REF: Oiling & Lubrication - Sub-05G

Rubine's Mod to Move Oil Scavenging to the Front on an S&S Pro Stock Case

Article by Rubine of the XLFORUM 1)

This is an upgraded oil return to change the oil scavenging to the front of the engine.
Also important to note is the engine was mounted on a 15 degree forward lean.

It also incorporates a modified 07 XL oil pump (modified by Charlie Karling of Karling Racing).
See more on the Karling Oil Pump Mod for the newer oil pumps here in the Sportsterpedia.

The fittings are all stainless and they're thin wall so no I.D. has been lost. Its actually been opened up a bit.
The bar is Aluminum - (4) O-rings missing from the fittings in the pic below that will make a good seal, which of course is crucial to this working.
There will be windage protection over the scavenge point as well.
The bar could also be tapped into for external drains such as from the heads.
A strong clear site tube will be installed from the cam chest drain to monitor drain oil.

Black circle in the first pic below is where the cam chest drain will come out.

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Scavenging is done by 2 separate things at the same time.
Oil is blown to the scavenge port in the sump by the flywheels while the oil pump sucks out what gets to the scavenge port.
So to make this work, a reversal of oil flow in the sump needs to take place.

A windage tray was built to fit in front of the wheels with an accompanying re-direction screen on the back of the wheels.
The plan is to drill and tap into the factory windage tray and the case at the front of the new tray with countersunk 1/4“ UNC cap screws and 243 Loctite.

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To re-direct the oil to the front of the sump, a raised expanded mesh was cut to make a pattern.
Then the actual piece was cut out of mild steel (so it can be welded).
This will act as a damper, have surface area to help the gas and oil separate, and act as a directional spoiler (to help get oil to where it's supposed to go).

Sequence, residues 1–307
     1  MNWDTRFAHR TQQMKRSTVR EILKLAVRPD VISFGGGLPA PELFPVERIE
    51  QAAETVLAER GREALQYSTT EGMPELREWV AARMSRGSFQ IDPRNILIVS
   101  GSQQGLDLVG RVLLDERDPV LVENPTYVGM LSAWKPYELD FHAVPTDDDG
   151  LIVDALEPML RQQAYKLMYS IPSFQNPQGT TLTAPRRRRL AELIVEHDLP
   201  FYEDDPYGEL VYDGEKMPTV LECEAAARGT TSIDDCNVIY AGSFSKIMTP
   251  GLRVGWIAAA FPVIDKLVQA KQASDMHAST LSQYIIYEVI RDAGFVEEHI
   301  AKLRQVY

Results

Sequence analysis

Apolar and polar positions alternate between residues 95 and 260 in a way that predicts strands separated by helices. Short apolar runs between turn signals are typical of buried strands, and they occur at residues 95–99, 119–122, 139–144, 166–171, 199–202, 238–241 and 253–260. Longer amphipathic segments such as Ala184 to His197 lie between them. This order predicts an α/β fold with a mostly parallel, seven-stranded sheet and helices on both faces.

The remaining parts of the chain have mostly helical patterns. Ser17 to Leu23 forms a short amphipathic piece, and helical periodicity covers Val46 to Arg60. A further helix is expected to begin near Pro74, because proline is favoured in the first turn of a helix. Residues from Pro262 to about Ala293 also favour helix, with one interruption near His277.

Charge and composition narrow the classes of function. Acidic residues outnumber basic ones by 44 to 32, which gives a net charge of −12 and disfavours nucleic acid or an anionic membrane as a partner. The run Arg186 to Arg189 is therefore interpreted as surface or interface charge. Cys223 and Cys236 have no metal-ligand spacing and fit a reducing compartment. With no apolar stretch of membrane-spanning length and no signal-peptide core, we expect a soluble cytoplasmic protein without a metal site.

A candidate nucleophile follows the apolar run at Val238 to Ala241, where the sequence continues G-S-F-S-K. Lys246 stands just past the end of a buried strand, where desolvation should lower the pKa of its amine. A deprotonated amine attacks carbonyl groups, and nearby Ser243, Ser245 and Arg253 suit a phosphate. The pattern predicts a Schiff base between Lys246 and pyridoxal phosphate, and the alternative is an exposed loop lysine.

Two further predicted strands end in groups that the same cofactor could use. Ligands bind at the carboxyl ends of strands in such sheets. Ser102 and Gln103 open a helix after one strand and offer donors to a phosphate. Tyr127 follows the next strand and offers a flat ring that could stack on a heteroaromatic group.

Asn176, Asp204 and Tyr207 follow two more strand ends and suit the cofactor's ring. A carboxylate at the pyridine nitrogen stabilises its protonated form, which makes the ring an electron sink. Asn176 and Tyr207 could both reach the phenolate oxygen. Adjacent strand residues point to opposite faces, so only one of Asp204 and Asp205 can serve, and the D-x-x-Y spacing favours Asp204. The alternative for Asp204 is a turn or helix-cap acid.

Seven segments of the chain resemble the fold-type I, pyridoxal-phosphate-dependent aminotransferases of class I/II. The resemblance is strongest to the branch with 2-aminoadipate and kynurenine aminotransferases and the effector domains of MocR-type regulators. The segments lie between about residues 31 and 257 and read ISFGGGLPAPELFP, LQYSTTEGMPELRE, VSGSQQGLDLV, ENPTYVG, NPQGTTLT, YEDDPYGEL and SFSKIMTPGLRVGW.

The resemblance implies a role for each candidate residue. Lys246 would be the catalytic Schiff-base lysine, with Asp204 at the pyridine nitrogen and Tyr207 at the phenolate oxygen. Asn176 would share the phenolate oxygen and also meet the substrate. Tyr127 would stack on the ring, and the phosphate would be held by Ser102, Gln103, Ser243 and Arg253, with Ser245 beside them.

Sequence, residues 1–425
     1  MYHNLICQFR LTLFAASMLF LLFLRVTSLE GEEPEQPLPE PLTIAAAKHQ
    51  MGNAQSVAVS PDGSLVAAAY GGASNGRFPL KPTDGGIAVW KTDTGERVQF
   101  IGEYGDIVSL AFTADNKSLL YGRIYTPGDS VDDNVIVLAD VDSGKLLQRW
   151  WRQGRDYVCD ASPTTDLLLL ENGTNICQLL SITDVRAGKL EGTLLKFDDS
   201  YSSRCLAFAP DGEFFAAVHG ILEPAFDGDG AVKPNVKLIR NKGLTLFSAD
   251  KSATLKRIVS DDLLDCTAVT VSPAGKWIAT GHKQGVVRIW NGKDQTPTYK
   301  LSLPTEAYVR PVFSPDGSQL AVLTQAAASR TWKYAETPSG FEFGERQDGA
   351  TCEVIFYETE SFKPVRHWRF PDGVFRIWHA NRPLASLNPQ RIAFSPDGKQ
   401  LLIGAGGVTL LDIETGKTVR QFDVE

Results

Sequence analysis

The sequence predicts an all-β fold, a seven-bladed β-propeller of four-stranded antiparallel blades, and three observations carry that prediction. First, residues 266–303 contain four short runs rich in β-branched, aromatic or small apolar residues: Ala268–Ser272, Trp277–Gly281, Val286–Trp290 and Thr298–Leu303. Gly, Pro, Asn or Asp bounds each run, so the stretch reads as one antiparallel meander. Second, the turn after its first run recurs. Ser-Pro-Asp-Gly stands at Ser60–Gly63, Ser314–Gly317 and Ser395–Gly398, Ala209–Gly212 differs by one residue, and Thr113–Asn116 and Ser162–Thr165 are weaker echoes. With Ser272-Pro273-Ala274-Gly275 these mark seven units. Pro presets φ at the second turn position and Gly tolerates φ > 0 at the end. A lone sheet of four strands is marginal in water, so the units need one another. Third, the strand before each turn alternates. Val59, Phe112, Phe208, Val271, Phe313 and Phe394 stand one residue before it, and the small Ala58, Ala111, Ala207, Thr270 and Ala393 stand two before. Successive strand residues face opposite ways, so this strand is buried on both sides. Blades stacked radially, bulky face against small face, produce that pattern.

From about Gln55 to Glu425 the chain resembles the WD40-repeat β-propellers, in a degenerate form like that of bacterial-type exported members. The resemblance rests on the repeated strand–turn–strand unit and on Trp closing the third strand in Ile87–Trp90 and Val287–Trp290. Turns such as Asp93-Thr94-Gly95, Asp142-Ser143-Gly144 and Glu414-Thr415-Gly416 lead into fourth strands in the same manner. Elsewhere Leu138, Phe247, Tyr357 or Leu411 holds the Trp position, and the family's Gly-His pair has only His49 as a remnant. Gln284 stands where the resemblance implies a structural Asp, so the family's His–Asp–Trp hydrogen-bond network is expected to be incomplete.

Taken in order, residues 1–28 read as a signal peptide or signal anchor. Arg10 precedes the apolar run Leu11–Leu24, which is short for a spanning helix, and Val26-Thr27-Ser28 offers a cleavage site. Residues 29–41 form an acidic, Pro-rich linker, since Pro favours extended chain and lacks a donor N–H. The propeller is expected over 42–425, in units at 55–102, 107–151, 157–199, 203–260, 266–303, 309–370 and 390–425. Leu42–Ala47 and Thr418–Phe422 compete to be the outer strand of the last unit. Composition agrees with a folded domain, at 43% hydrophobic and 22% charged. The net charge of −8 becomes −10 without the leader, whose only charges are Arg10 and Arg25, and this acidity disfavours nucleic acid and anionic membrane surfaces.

The sample is 16 x 8 x 2mm.

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With several attempts of trial and error and more tig welds, it's coming together.
You can blow air into it (the direction of the spinning flywheel) and the wind comes back at you from the underside.
(which should peel the oil and push it to the front where the new scavenge is.

However, the welds weren't acceptable enough and the directional spoiler was remade.
You can see the difference from the first pic below and the other two.
The fins are more informed slightly thicker with consistent welds.

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The windage tray was re-made also out of 3mm aluminum for a better countersink and the fin was redone based on arches are stronger than right angles.
Here the the pics after bolting it up.
Countersunk cap screws through the windage tray, through the factory tray, tapped into the mild steel underneath, where some extra material has been added to get a good ammount of thread area. And then at the back where the 90 degree bend is button head cap, threadded through the case out the other side, with a nyloc nut on the other side with plenty of Loctite 243.

You can see the grooves cut into the trailing edge of the windage tray.

I was watching Discovery channel about the barn owl, fascinating creatures, anyway they hunt at night and their prey relies on sound as a warning, so the owls have had to adapt to become silent fliers. To do this their wings trailing edges are not smooth like most birds, they are jagged and the feathers at the edges are rough. This lessens turbulence and vibration, which means no noise, and silent killers! Anyway it took about 10 minutes to do and I think it helps. My main concern is the oil not draining from the cam case, but I've got the tie bar to tap into if I have to. I also met a guy who (who is a glass blower) and makes all kinds of stills and refiners and what not for high spec chemical experiments etc. He has made me some brass fittings with a rubber o ring to hold a glass tube in place that he is blowing for me. Making two, both 19mm OD, and one of 14mm ID, and one with 11mm ID. He reckons it will be strong enough. Not sure if I trust glass on the open road though. But… will you be able to see anything, or when the motor is running will it just turn cloudy brown? If you shine a torch you can actually see the scavenge point inside the cases, through the tube. That would be nice to see with the engine running. Doubtful though.

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Below, the last bit for the cases is done includeing the glass drain.
A straight piece bent 90 degrees was tried but it meant the outside of the bend was thin.
So the guy got a straight piece of glass and cut it at 45 degrees then welded the two pieces together to make a 90 degree bend.
The flywheel scraper was originally set at .015” from the flywheels but it was later moved slightly farther away.

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